Another example where a time-based stop can be useful is when you enter a trade and it goes against you right away. If you bought a stock because a price action pattern or other technical triggers suggested higher prices, but the trade doesn’t unfold as anticipated, it’s usually a better idea to just exit the trade. The old saying goes that cutting losses is important, but it’s more important to know WHEN to cut your losses; a time-based stop is the tool can help you here.
A time-based stop loss helps you avoid being exposed to uncertain and other-than-expected trade scenarios. Never forget what your original analysis and your trade idea was once you are in a trade.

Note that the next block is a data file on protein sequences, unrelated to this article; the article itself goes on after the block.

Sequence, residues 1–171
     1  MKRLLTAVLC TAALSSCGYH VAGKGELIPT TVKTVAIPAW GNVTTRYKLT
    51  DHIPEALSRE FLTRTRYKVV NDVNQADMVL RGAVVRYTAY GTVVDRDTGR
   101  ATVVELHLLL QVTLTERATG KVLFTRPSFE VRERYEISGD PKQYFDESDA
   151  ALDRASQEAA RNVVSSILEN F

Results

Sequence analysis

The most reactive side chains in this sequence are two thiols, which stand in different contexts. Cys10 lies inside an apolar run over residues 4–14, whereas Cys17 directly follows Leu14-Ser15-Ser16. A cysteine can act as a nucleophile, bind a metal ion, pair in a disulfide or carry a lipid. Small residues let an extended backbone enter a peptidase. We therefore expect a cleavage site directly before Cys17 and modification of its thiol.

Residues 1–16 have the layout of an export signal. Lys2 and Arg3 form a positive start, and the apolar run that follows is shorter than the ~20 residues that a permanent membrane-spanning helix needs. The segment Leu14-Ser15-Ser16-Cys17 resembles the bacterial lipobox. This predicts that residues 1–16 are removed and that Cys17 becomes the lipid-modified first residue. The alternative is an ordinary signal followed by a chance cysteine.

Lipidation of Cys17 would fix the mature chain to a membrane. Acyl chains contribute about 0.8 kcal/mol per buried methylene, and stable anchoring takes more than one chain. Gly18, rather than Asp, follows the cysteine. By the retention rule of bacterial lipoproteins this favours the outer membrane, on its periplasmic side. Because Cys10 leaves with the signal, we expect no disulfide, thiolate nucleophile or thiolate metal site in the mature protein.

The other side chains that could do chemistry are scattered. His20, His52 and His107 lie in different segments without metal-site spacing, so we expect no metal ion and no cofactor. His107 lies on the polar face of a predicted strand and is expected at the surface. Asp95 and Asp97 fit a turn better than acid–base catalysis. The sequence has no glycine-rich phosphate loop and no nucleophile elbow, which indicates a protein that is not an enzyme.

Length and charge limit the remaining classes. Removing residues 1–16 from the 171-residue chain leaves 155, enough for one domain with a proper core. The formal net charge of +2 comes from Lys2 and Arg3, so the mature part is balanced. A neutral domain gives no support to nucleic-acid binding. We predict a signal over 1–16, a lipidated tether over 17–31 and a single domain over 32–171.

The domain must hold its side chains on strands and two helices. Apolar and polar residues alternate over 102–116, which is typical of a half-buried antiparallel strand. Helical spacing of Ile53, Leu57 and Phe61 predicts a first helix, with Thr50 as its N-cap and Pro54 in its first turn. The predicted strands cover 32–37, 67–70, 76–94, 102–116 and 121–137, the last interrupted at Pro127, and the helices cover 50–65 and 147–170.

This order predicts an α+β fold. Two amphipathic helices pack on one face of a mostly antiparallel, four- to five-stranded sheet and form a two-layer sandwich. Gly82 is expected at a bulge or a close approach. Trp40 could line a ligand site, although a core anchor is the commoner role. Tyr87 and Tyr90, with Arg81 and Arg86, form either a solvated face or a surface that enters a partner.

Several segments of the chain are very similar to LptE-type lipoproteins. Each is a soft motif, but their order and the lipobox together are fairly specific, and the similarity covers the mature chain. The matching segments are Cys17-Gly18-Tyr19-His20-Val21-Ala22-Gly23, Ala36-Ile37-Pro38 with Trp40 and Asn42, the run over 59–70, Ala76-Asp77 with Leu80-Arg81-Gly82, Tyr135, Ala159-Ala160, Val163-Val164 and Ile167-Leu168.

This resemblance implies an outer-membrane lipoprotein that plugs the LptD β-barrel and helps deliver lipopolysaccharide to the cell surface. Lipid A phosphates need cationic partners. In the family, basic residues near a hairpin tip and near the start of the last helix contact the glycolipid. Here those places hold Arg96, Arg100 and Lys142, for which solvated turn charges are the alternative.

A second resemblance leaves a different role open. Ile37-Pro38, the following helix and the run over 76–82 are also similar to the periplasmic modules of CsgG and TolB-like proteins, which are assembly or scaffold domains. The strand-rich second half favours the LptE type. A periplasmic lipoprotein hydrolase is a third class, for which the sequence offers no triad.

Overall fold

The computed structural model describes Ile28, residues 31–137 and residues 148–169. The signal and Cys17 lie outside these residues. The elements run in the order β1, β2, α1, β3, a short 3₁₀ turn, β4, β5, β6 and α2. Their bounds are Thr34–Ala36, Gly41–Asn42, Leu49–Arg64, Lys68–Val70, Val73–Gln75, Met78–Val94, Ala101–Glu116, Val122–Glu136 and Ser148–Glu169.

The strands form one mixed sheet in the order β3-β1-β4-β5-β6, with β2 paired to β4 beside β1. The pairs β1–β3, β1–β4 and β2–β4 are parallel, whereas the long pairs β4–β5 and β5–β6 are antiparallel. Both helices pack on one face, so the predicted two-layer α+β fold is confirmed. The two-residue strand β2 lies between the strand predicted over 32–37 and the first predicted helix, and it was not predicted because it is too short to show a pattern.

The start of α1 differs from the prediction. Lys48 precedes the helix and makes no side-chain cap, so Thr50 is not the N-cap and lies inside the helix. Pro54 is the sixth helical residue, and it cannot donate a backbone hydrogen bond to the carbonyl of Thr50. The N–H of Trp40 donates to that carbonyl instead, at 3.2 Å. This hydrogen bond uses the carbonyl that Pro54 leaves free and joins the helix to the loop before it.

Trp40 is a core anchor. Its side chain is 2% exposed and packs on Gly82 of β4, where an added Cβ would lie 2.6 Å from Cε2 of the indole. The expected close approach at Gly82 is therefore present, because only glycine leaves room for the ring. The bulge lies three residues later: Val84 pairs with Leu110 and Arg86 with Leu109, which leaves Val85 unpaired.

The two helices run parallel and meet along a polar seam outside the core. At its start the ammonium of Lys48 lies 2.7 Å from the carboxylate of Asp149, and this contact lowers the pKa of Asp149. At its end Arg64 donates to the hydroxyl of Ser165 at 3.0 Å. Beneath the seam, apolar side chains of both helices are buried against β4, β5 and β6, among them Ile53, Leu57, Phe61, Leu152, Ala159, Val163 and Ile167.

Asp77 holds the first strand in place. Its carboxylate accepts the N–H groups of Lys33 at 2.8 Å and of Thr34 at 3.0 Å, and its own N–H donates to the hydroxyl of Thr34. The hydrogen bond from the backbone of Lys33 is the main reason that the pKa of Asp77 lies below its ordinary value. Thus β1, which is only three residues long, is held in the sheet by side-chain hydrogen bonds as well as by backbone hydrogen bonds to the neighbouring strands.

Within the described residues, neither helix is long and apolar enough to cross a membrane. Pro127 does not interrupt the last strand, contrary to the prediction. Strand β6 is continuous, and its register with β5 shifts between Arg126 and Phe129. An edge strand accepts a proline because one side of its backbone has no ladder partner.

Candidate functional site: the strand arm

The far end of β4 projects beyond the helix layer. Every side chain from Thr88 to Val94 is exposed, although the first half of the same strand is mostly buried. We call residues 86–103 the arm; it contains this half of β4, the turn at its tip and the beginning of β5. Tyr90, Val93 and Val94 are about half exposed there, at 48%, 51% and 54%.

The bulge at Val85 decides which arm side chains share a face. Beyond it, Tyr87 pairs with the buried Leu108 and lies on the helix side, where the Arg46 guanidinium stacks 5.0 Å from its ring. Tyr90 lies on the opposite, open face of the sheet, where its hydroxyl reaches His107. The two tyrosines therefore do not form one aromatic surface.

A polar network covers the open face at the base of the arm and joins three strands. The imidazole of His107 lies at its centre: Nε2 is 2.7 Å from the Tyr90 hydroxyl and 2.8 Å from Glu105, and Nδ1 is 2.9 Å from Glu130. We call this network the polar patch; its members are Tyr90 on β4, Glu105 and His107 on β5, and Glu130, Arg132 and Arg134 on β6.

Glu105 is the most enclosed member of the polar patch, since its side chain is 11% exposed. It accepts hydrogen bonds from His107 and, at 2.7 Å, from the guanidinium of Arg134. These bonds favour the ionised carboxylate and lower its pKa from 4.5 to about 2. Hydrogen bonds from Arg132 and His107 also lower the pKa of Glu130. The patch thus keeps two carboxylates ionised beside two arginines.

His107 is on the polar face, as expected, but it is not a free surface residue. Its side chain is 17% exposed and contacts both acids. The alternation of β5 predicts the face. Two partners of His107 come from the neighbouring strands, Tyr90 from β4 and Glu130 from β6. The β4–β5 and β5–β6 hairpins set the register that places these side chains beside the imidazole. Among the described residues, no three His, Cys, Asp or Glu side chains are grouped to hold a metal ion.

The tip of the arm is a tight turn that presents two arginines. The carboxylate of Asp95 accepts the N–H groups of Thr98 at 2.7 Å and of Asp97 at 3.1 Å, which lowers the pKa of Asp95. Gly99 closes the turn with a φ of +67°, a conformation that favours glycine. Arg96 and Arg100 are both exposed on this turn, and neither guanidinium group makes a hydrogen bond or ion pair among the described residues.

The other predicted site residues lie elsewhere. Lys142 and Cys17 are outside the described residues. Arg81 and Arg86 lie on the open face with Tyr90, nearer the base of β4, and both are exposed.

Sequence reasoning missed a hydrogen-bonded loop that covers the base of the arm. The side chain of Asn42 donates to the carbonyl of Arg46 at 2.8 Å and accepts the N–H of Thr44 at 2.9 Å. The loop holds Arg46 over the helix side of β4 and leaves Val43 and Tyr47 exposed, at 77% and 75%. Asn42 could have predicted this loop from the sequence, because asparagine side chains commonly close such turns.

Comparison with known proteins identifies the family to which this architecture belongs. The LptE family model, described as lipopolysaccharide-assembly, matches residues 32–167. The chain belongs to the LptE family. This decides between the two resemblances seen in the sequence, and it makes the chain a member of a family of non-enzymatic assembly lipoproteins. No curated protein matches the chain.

Final Word on Using Stop Loss Orders

With day trading and swing trading, control risk. Use a stop loss!  A stop loss helps determine our position size. My method is to place a stop loss at the point closest to my entry point that won’t get triggered if my analysis and expectation is correct. This typically puts my stop loss just outside the opposite side of a consolidation from my entry. When I am wrong, I am wrong small.
Letting the price hit your stop loss or target is recommended when you are starting out; don’t intervene in your trades while they underway. As you improve, and you have the discipline to let the price hit your stop loss or target, then consider managing your stop loss while in a trade to potentially improve performance. Actively managing won’t always result in greater profits though. If letting the price hit your stop loss and target works for you, don’t mess with it.